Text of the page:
Container security extends into all aspects of the container ecosystem, and not just to the well-known registries like Docker or those offered within the cloud service providers. Securing a container deployment may include best practices for companies supporting: the developer workspace, continuous integration, build automation, testing frameworks, release automation, and operations tools.
This is the second blog in a series detailing workload best practices.
The first blog, Securing Modern Workloads, is available here
The Cloud Security Alliance has done a phenomenal work in defining various cloud controls you should act upon or at least be aware of when determining your responsibility and choosing qualified vendors or training in-house personnel. One such work is a Cloud Controls Matrix that highlights the Shared Security Responsibility Model and provides architectural references.
This is the first blog in a series detailing workload best practices.
Per Wikipedia “A workload is the amount of work an individual has to do. There is a distinction between the actual amount of work and the individual's perception of the workload. Workload can also be classified as quantitative (the amount of work to be done) or qualitative (the difficulty of the work)”.
It’s the week of Google Cloud NEXT and, as a Google Cloud Technology Partner, we are glad to see our efforts to add Google Cloud Platform (GCP) into the Cavirin family of cloud security products succeed. The March 2017 release of Cavirin's platform will include support for continuous security assessment of workloads on GCP, and marks a major milestone in our company’s vision to be the provider of consistent security solution across workloads running on multiple cloud providers’ platforms.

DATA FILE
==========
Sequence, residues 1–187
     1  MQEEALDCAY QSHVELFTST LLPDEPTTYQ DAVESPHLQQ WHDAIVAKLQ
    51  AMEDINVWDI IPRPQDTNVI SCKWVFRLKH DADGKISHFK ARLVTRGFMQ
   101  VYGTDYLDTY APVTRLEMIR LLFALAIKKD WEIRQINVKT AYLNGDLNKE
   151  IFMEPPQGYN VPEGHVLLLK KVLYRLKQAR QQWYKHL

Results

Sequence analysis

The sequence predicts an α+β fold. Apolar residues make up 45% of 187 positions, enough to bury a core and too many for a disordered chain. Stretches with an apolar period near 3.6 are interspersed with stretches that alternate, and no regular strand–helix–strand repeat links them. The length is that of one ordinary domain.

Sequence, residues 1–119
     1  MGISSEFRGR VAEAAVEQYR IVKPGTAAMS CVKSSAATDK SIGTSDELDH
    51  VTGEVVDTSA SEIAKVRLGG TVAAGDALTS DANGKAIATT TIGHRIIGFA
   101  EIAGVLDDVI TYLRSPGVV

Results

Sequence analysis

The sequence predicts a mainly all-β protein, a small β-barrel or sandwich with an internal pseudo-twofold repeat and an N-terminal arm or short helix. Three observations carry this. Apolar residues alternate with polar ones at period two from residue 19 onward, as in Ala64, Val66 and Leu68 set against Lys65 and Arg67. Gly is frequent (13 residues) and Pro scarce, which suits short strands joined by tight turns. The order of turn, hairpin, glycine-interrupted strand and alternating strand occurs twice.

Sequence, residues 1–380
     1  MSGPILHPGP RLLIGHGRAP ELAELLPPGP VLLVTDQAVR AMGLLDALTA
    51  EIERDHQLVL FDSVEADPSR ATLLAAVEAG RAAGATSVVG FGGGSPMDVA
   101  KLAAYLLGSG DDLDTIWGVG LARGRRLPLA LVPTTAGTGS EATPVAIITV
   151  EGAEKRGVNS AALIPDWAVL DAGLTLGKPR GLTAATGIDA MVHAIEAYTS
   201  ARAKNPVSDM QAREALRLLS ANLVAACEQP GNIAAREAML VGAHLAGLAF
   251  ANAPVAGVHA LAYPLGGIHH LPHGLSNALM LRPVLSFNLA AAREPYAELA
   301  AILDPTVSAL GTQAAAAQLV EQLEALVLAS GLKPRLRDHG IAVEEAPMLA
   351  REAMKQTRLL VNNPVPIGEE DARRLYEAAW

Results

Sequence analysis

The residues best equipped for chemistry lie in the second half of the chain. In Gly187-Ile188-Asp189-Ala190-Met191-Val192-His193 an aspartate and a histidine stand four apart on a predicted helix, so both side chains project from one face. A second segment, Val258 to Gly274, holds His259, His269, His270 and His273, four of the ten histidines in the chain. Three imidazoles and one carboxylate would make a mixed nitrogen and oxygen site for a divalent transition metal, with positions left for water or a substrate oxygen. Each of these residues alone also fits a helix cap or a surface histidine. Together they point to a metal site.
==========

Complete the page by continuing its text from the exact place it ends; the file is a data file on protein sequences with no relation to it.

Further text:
With increasing reliance on the cloud, and in many cases on a single cloud service provider, the probability for a widespread (though infrequent) outage grows. On Tuesday, AWS S3 storage experienced a major outage, taking down the back-ends of many sites that include Netflix, Slack, and HubSpot, two of which we use at Cavirin. For enterprises that were single threaded, they just had to wait it out, and though the actual outage lasted only 4 hours, it took the remainder of the day for many to recover. To give you an idea of the magnitude of the impact, AWS S3 supports over 150K sites and upwards of three trillion data elements. Thousands of tweets were questioning if the Internet went down, just like last October with the Mirai outage. Compounding the problem is that the storage service is shared across multiple AWS zones, and though an enterprise may distribute compute across geographies, due to practical or cost reasons they may depend upon a single storage instance.
The DCCP protocol is recommended by the security benchmarks to be disabled to reduce the attack surface.
DISA RHEL 6 STIG reads “Disabling DCCP protects the system against exploitation of any flaws in its implementation.”
The CIS Security Benchmark for Debian 8 reads “The Datagram Congestion Control Protocol (DCCP) is a transport layer protocol that supports streaming media and telephony. DCCP provides a way to gain access to congestion control, without having to do it at the application layer, but does not provide in-sequence delivery. If the protocol is not required, it is recommended that the drivers not be installed to reduce the potential attack surface.”
Cavirin’s solution automates the assessment of these security baselines in your hybrid cloud. It continuously protects you from vulnerabilities arising out of misconfiguration and such zero-day vulnerabilities arising out of default attack surface. Vulnerabilities such as these do not really bother you if you used the solution to detect the presence of such uncommon network protocols and already reduced the attack surface by disabling them all together if not in use. You cannot really protect what you don’t see and Cavirin’s solution helps you with security evidence, audit reports, and operational procedures instead of verbal security assurances and recommendations.